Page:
One of these projects is the Oriners and Sefton Savanna Burning Project based in Cape York, Queensland which combines Indigenous knowledge and innovative technology to manage vegetation to increase carbon storage and reduce greenhouse gas emissions.
Utilising techniques such as careful early dry season mosaic burning, flames are no more than one metre high, meaning carbon stored in the trees are not burnt and released into the atmosphere as greenhouse gas emissions which happens during the out of control wildfires later in the season.
Through strict scientific methodologies and approved through a rigorous accreditation process with the Department of Environment, the reduction in carbon emissions gained from burning in the early dry season can be measured. The amount of carbon saved through the process then create carbon credits.
These carbon credits can then be sold to the government through the Emissions Reduction Fund auction and/or corporations that want to be carbon neutral in the voluntary market. The income goes back to the community, rangers and management of Aboriginal lands and waters.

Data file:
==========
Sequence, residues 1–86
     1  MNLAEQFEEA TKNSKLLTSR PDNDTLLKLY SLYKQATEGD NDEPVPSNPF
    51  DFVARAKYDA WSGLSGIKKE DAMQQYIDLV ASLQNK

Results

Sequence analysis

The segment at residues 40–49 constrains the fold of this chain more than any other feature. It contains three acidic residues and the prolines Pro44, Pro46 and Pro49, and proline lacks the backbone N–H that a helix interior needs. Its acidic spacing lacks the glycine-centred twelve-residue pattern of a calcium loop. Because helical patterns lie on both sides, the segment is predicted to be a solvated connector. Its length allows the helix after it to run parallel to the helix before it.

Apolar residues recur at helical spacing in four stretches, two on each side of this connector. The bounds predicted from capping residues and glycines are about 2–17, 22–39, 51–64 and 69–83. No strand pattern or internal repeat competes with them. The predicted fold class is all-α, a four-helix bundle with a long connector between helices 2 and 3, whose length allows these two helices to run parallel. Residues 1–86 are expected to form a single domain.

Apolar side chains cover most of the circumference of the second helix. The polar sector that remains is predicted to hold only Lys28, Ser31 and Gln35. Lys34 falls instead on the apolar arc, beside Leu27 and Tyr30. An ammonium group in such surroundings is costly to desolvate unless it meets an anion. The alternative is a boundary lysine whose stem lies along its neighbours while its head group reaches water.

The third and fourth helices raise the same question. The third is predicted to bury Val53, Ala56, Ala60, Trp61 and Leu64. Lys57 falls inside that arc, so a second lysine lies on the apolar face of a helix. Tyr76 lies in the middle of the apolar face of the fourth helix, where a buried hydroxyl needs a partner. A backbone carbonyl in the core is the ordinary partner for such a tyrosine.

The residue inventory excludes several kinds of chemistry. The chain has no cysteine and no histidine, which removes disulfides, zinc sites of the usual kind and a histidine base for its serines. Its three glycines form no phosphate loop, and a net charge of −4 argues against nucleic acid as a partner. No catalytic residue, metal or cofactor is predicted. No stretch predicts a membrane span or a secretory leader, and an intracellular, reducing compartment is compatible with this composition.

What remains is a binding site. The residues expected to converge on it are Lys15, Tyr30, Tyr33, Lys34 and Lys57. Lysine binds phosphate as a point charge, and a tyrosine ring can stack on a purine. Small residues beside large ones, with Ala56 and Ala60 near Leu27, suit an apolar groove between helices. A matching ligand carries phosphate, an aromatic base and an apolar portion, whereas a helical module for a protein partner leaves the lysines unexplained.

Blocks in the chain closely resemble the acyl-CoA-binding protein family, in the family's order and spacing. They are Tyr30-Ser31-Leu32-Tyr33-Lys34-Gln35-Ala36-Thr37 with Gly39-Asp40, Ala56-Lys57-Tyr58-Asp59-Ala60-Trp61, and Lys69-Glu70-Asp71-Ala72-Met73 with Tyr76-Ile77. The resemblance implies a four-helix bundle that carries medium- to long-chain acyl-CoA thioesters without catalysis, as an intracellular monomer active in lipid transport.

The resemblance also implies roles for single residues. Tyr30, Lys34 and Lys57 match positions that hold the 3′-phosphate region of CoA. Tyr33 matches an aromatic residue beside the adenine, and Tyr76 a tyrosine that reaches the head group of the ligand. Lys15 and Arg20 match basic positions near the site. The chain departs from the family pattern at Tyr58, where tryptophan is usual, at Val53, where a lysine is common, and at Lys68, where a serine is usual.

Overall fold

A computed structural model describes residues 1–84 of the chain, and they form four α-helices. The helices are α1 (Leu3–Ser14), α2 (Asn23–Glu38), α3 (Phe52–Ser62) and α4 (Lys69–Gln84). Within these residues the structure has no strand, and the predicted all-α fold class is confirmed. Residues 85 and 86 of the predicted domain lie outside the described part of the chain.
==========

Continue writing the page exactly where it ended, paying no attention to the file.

The early season controlled burning allows most seedlings to survive and the moisture present during this season allows regeneration. The slow speed of the burn also allows animals to go to the greener lower lying tea tree areas.
The Oriners and Sefton project area is run by the Kowanyama Aboriginal Lands and Natural Resource Management office and covers 310,000 hectares, most of which is inaccessible by road, so aerial burning is the most efficient method to start the cool season burns.
While contributing to the reduction in Australia’s national carbon emissions, these projects also have a large number of social, cultural and environmental co-benefits. Aboriginal carbon projects are community owned and managed.
They support employment in remote communities while also facilitating and strengthening traditional knowledge and the return to traditional land management practices. These practises have immense cultural and spiritual importance for Aboriginal and Torres Strait Islander peoples, contributing to positive impacts on people’s social and emotional wellbeing.
Furthermore, these projects contribute towards sound environmental stewardship and the protection of Australian national biodiversity.
Images shot on assignment for Caritas Australia.